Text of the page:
South Korea, US to start defence cost talks early, before US elections -media

By Hyonhee Shin

SEOUL (Reuters) -South Korea and the United States have agreed to start early talks on how to share the cost of keeping U.S. forces in the country in a bid to reach a deal before the possible reelection of Donald Trump as president, local media reported on Tuesday.

Trump, who has emerged as the undisputed frontrunner for the Republican presidential nomination in the 2024 election, had during his presidency accused key Asian ally South Korea of “free-riding” on U.S. military might and demanded it pay as much as $5 billion a year for the U.S. deployment.

Negotiations for the Special Measures Agreement were gridlocked for months under the Trump administration, and the deal was finalised when South Korea agreed to a 13.9% increase in its contribution, the biggest annual rise in nearly two decades.

The agreement is set to expire in 2025, and Yonhap news agency as well as news service Newspim quoted unnamed diplomatic sources as saying South Korea and the United States had agreed to start talks this year on extending the deal to 2026 and beyond. Talks are usually held just before the existing deal is due to end.

South Korean Foreign Ministry spokesman Lim Soo-suk declined to comment on the reports, saying the government would prepare for the next negotiations in a “systematic, strategic” manner.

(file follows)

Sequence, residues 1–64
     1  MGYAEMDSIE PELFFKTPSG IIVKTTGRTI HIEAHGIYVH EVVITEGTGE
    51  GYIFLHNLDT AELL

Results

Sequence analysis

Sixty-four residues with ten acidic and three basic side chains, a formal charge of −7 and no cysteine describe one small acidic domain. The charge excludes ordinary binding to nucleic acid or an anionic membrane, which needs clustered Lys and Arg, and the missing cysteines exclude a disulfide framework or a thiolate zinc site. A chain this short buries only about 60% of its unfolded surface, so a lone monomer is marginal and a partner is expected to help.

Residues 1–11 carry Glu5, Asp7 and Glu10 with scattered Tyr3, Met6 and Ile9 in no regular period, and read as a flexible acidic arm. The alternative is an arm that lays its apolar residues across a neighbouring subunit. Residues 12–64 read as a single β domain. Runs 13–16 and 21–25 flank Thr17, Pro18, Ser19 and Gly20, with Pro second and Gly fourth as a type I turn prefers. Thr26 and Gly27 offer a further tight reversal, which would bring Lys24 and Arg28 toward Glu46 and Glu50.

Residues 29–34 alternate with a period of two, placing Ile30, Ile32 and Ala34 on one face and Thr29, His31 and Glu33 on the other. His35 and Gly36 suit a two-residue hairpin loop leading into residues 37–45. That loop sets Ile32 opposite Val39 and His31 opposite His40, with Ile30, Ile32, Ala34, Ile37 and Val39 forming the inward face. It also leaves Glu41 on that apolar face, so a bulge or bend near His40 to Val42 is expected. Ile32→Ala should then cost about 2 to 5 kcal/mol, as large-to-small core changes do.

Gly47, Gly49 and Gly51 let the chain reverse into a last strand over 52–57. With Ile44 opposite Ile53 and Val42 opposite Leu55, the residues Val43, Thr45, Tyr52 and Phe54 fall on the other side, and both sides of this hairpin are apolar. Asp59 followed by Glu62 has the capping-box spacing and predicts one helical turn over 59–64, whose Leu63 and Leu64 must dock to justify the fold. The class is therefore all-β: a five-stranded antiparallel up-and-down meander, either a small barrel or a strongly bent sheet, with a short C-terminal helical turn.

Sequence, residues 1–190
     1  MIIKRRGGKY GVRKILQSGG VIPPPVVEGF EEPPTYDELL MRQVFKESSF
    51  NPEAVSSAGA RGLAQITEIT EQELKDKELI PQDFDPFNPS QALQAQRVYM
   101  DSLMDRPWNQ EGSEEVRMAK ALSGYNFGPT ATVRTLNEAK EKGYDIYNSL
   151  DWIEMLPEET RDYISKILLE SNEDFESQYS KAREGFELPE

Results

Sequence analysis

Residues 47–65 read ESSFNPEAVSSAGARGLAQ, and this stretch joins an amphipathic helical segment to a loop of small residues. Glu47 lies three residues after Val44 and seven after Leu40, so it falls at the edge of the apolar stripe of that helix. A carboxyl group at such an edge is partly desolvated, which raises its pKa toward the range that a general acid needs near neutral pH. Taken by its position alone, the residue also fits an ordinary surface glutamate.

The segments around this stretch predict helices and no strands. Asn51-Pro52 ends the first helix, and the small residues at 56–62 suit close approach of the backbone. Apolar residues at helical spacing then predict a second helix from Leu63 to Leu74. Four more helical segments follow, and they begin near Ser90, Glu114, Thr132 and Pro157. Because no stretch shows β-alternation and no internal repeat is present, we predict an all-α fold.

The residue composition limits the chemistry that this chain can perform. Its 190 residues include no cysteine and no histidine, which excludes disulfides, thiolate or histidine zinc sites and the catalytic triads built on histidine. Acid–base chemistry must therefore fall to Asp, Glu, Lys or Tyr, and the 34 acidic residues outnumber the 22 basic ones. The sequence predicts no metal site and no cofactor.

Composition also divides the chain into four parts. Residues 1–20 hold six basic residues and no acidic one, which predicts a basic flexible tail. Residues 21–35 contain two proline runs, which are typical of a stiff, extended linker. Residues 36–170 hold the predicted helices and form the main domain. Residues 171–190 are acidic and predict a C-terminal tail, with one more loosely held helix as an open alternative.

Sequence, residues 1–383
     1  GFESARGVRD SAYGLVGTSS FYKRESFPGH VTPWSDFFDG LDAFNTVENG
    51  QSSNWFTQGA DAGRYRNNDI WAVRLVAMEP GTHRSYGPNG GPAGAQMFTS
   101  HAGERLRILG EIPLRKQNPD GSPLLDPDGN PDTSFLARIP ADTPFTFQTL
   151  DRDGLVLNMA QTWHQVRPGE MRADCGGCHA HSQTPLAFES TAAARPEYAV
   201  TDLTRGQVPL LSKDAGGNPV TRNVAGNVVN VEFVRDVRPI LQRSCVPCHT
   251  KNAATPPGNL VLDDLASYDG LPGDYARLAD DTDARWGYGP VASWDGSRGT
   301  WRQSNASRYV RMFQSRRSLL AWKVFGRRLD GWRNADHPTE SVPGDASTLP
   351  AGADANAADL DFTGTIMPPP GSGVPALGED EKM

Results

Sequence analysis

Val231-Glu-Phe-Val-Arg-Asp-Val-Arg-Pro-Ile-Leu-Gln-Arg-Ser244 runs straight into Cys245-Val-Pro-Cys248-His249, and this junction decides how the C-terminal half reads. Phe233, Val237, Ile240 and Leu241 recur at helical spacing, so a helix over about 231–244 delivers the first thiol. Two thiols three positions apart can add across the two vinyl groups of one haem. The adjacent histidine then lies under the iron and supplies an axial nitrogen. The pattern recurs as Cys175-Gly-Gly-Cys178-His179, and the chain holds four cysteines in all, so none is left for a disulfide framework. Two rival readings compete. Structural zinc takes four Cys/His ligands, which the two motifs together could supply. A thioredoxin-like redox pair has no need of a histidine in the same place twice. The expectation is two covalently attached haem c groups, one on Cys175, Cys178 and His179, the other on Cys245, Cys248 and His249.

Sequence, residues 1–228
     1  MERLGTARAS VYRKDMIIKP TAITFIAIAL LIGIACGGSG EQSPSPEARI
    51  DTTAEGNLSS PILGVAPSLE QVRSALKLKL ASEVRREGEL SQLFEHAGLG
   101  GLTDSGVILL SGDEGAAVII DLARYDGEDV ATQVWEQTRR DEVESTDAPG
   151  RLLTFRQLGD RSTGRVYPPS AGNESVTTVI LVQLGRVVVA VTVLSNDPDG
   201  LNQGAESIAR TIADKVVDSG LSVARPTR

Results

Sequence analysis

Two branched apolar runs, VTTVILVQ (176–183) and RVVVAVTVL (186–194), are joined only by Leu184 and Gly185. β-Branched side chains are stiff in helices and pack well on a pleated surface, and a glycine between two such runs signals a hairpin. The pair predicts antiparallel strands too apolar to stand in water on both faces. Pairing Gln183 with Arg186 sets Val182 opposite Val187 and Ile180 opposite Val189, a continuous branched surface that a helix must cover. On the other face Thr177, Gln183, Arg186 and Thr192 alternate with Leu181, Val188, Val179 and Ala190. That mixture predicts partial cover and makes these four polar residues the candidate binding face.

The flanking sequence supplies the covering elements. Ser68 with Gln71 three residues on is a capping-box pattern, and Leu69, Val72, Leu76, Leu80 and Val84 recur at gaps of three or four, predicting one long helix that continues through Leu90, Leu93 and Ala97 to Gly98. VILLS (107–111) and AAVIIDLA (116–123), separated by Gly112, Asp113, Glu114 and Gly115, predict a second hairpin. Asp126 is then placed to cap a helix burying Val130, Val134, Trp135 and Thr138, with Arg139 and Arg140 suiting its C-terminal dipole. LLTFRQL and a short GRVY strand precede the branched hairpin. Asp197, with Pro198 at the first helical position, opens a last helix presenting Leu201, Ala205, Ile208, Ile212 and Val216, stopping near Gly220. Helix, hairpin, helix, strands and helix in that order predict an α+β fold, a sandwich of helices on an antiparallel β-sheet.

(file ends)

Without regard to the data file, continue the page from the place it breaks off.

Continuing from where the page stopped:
A spokesperson for the U.S. State Department said a delegation from its Office of Security Negotiations and Agreements visited South Korea from Dec. 11-17, 2023, to discuss implementation of the existing 11th Special Measures Agreement (SMA).

“We will work closely with (South Korea) to prepare for the negotiations of the 12th SMA,” the spokesperson said in an emailed response to a Reuters query, while adding: “We have not yet made any decisions on the specifics for negotiations.”

American troops are deployed in South Korea as part of both nations’ efforts to deter North Korea, which has been accelerating its nuclear and missile programmes.

South Korea began shouldering the costs of U.S. deployments, used to fund local labour, the construction of military installations and other logistics support, in the early 1990s.

(Reporting by Hyonhee Shin; Additional reporting by David Brunnstrom in Washington; editing by Miral Fahmy and Sonali Paul)